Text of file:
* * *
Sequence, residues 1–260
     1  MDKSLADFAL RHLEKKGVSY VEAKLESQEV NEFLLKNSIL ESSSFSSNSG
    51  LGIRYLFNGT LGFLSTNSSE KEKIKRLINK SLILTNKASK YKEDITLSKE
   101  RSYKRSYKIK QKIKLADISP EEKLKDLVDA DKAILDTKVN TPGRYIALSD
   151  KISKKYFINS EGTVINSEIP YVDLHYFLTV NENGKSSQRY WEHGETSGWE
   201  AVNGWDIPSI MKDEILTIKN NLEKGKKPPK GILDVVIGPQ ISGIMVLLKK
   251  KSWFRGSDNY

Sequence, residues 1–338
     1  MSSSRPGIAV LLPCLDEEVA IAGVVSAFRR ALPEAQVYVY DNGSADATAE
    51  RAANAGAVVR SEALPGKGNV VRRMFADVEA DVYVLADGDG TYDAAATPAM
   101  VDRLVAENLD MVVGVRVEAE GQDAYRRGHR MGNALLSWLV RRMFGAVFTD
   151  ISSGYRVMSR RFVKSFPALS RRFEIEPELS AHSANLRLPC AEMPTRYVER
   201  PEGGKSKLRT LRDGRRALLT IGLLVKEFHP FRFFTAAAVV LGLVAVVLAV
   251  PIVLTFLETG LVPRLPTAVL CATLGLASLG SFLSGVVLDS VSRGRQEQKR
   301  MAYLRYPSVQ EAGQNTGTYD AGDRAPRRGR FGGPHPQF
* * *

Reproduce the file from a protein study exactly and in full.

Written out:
Sequence, residues 1–260
     1  MDKSLADFAL RHLEKKGVSY VEAKLESQEV NEFLLKNSIL ESSSFSSNSG
    51  LGIRYLFNGT LGFLSTNSSE KEKIKRLINK SLILTNKASK YKEDITLSKE
   101  RSYKRSYKIK QKIKLADISP EEKLKDLVDA DKAILDTKVN TPGRYIALSD
   151  KISKKYFINS EGTVINSEIP YVDLHYFLTV NENGKSSQRY WEHGETSGWE
   201  AVNGWDIPSI MKDEILTIKN NLEKGKKPPK GILDVVIGPQ ISGIMVLLKK
   251  KSWFRGSDNY

Sequence, residues 1–338
     1  MSSSRPGIAV LLPCLDEEVA IAGVVSAFRR ALPEAQVYVY DNGSADATAE
    51  RAANAGAVVR SEALPGKGNV VRRMFADVEA DVYVLADGDG TYDAAATPAM
   101  VDRLVAENLD MVVGVRVEAE GQDAYRRGHR MGNALLSWLV RRMFGAVFTD
   151  ISSGYRVMSR RFVKSFPALS RRFEIEPELS AHSANLRLPC AEMPTRYVER
   201  PEGGKSKLRT LRDGRRALLT IGLLVKEFHP FRFFTAAAVV LGLVAVVLAV
   251  PIVLTFLETG LVPRLPTAVL CATLGLASLG SFLSGVVLDS VSRGRQEQKR
   301  MAYLRYPSVQ EAGQNTGTYD AGDRAPRRGR FGGPHPQF